Folks, do we think 6 days is enough to get a meaningful response for the demands of the concerned Ghanaians? It is clear that all they want to hear is the death of the bill. First, let us diagnose the core group of the concerned Ghanaians. Are they affiliated to any political party? How different is their composition different from the organizers of the Ododioodoo incident at Asawase? Yes they have a case at any rate but what about the other 19.5 million Ghanaians who have not taken to the streets? Do we also have to go on a demonstration to make our case? Why can't they do like the D Diaspora Committee on the ROPAB did- take their case to the public on a civil note? It is unreasonable for these pockets of Ghanaians to think of ruining the celebrations of Ghana's 49th birthday. They know very well that Ghana is seriously preparing for the March 6, 2006 independence anniversary celebrations. Or is it unreasonable for the police commander to request for a postponement of the demonstration in the interest of public safety in this august period of our nation's history?

This author would have no qualms with such a demonstration if it would be a peaceful one but we all know that demonstrations organized by this opposition has never been peaceful in the absence of a strong police presence. So the question is, is such a demonstration so urgent that it should cost Ghana that much money in man-hours to manage it? Let us pray hat the organizers would reconsider to postpone the special event to any other date after March 6, 2006 or to agree to relocate it.

ROPAB has got more benefits than the fears these pocket groups are trying to kill. After all, a Ghanaian is a Ghanaian whether he goes to live on Jupiter or anywhere in the world unless he or she has so denounced this natural birthright. So what is the big fuss of the so called concerned Ghanaians? If such a bill is good for South Africa, Australia, and many nations, and it has never resulted in chaos where is the argument of the opposition? Let Ghana go forward after almost 50 years of independence.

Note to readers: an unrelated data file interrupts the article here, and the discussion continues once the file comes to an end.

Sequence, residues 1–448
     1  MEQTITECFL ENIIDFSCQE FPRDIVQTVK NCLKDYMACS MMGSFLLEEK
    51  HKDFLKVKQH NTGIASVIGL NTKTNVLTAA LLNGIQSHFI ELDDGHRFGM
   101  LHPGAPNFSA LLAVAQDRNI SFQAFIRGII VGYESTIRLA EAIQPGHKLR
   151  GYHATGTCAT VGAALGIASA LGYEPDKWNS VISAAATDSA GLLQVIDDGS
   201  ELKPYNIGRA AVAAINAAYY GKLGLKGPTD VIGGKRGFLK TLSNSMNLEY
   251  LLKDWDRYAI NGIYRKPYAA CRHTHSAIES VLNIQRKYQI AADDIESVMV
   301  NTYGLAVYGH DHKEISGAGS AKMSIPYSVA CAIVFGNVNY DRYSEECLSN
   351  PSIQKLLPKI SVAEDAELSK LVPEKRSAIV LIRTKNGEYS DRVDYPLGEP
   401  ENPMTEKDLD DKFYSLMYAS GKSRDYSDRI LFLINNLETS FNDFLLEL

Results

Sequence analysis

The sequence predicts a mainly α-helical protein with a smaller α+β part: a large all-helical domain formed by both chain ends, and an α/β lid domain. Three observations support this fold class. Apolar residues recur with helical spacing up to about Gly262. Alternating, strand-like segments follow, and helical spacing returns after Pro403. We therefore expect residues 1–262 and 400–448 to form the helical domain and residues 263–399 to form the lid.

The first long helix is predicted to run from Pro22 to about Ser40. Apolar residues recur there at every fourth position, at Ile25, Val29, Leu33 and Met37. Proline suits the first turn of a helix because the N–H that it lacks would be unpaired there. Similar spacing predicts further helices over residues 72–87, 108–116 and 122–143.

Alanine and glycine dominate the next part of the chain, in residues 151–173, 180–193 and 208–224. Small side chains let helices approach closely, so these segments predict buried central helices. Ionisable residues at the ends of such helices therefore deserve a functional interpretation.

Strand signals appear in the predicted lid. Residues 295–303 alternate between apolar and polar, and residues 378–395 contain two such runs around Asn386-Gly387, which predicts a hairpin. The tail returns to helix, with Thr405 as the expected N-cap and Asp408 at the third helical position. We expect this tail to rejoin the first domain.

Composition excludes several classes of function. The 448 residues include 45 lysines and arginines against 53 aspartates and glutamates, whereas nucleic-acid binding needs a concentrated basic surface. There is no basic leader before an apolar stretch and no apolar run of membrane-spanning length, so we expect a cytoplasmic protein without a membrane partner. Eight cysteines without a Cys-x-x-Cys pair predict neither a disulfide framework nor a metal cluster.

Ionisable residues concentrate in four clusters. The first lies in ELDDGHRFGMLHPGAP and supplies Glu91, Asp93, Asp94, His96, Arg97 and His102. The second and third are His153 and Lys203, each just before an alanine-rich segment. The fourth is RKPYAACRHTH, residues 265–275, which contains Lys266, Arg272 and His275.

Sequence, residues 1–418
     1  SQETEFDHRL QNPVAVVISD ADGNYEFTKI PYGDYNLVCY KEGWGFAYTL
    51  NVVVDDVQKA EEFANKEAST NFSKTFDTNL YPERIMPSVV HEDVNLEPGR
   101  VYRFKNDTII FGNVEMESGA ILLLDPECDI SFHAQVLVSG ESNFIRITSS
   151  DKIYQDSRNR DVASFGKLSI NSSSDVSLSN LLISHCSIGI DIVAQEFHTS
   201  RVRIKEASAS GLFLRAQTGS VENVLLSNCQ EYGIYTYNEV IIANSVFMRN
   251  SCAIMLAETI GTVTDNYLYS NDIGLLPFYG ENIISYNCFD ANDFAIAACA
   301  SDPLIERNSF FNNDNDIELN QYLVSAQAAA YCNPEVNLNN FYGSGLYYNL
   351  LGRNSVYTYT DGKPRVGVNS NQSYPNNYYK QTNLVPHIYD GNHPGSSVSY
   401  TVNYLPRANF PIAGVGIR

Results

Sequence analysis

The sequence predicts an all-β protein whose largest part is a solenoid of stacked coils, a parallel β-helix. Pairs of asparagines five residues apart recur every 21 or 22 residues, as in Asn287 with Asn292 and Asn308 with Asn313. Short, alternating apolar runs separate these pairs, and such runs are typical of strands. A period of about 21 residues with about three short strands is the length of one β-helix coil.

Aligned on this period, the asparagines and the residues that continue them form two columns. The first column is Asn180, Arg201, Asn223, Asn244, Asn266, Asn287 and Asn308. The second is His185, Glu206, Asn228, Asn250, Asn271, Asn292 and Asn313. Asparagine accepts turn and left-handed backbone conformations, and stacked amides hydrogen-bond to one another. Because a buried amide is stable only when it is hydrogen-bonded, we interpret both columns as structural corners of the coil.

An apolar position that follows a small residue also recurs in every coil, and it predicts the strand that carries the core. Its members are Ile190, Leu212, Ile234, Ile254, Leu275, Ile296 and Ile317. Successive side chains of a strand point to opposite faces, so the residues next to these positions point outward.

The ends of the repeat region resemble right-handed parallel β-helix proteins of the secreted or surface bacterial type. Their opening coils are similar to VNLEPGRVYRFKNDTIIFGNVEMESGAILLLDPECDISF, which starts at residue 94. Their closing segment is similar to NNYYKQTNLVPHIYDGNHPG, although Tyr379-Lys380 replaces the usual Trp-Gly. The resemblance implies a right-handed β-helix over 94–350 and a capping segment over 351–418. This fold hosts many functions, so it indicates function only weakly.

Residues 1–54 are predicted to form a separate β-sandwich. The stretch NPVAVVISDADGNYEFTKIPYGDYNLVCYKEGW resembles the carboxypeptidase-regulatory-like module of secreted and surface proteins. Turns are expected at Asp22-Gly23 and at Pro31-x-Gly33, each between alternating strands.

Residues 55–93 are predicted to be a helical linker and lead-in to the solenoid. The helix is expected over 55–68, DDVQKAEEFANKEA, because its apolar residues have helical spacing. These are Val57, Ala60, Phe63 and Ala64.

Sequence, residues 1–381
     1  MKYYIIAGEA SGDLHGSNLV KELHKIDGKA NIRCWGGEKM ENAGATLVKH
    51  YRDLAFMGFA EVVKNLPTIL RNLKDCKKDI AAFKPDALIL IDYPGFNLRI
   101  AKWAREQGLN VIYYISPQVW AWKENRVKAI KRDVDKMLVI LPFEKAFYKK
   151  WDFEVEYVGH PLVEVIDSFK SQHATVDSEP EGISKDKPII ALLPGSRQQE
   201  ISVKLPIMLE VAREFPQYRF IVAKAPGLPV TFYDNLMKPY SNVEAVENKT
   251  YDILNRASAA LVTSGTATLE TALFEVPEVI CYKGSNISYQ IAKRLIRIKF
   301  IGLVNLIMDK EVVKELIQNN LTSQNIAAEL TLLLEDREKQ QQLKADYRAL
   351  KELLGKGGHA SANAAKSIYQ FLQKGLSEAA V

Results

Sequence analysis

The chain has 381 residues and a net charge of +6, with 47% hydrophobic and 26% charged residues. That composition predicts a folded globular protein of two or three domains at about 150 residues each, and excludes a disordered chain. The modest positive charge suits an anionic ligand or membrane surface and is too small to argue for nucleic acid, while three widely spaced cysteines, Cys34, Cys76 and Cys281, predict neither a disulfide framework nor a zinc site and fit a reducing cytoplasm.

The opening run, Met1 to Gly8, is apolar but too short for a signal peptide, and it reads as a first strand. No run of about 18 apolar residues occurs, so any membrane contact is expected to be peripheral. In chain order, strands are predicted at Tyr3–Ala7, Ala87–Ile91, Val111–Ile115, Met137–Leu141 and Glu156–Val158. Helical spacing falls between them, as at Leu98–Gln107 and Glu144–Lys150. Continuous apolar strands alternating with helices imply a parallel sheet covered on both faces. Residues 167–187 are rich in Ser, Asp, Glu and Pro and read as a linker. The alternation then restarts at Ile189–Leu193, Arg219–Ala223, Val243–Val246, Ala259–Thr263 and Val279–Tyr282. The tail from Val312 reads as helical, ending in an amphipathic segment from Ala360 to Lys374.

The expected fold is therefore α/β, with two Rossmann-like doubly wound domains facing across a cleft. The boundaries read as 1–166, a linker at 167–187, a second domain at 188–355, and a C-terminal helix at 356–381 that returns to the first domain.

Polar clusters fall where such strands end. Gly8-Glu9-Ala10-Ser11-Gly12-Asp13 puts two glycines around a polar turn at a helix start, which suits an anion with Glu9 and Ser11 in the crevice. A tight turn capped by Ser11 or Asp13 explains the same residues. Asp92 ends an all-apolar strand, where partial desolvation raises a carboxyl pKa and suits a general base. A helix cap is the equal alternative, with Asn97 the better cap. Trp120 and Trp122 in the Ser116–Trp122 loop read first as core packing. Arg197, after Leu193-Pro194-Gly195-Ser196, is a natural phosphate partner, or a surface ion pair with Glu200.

Ghana by definition must lead the way in Africa's democracy. We cannot afford to be a follower by dint of our pioneership in the continent of Africa. The opposition had better gotten back to business and show their debating skills and stop preaching and courting chaos! After all this is what the legislative assemble, parliament is for in all republics. This republic of Ghana is more ready to listen to reason than any regime in Ghana's history so this author says it is premature for elected MPs to boycott discussions on the grounds of speculation.

The 1993 constitution lack true checks and balances, as the propose power shared between a president, a unicameral parliament, an advisory Council of State, and an independent judiciary remain but only a concept in the minds of Ghanaians. Real power is neither practiced by the Council of State, nor an independent judiciary .These two remain but the weakest and toothless bull dogs in the country. As a result the President and his cabinet always have their way without any resistance. They have been able to force their selfish agenda on Ghana and entered into useless contracts on behalf of Ghana without any legal resistance. In fact nothing has changed from the second republic. This author thinks Ghana's democracy is not going anywhere until our Constitution is amended to give the requisite powers to the Council of State, and an independent judiciary. Anything less than transforming the Council of State, into a powerful Upper house to scrutinize the arbitrary bills/decisions of Parliament would continue to witness a country with misguided priorities. Ghana's judiciary has to be independent and potent enough to over rule the arbitrary decisions of the Presidency. Ghana needs to consider these seriously before she turns 50.


US Department of State website. Retrieved 2/20/06 Views expressed by the author(s) do not necessarily reflect those of GhanaHomePage.